The Mari Sandoz High Plains Herirage Center features a constant rotation of exhibits on a diverse range of historical and artistic subjects, stop in and see what's new, check out our permanent exhibits, or learn about our collection of traveling exhibits that can come to you!

Permanent Exhibits


Carmen and John Gottschalk - Mari Sandoz Gallery

This permanent exhibit space tells the story of the life and literature of Mari Sandoz. Using photographs and objects from the Center’s Collections, the exhibit is a great introduction to a ground-breaking author or a way to delve deeper into an author you may already be familiar with.

The exhibit examines the topics of her writing – landscape, advocacy for Native Americans, writing style, and dedication to research – through the lens of her personal experience.

This exhibition space is located on the main floor of the Sandoz Center.

E.H. Barbour Paleontology Exhibit

The mid-20th century was a time of scientific exploration in the West, and the Nebraska Sand Hills region was no exception. One particular Sand Hills scientific resource was instrumental in bringing together two legendary figures: E.H. Barbour, founder of the University of Nebraska State Museum, and “Old Jules” Sandoz. The exhibit, "Who lived here before?" highlights this exchange.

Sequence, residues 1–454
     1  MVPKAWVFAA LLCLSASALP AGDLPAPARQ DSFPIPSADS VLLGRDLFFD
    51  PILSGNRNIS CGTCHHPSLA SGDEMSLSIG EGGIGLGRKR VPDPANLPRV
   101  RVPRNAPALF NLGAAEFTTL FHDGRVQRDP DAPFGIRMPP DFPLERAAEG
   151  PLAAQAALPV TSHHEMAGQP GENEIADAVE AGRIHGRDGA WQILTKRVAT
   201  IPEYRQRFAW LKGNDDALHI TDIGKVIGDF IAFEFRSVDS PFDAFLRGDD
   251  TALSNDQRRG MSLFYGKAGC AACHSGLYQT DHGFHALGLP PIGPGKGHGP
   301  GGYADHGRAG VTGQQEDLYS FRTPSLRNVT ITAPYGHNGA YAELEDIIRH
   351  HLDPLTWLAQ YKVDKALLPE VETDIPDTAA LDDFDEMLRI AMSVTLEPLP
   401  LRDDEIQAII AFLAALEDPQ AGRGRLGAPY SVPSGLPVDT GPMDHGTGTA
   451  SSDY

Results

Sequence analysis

Sandoz discovered fossils on his land and he brought these to the attention of Barbour in a series of letters. Copies of these letters can be seen in the kiosk. Barbour arrived at Sandoz’s doorstep several times only to find Sandoz gone. Years later, after they finally met, Barbour realized that Sandoz had discovered a new species of giant beaver, Castoroides.

A related exhibit displays fossils collected at Graves-Potter, another Sand Hills locality. In 1999 Jennifer Cavin, a student at the South Dakota School of Mines, wrote a master’s thesis on these fossils. Cavin concluded that the fossils were deposited in an ancient lake during the Pleistocene Ice Age. The fossils show that animals living in the Sand Hills at that time are more typical of Arctic regions today. The “megafauna” of the Ice Age is represented in the bison, woolly mammoth, mastodon, giant ground sloth, western camel (Camelops), glyptodont (giant armadillo), the short-faced bear (Arctodus), musk ox, sabertooth cat, horse, tapir, and giant beaver (Castoroides).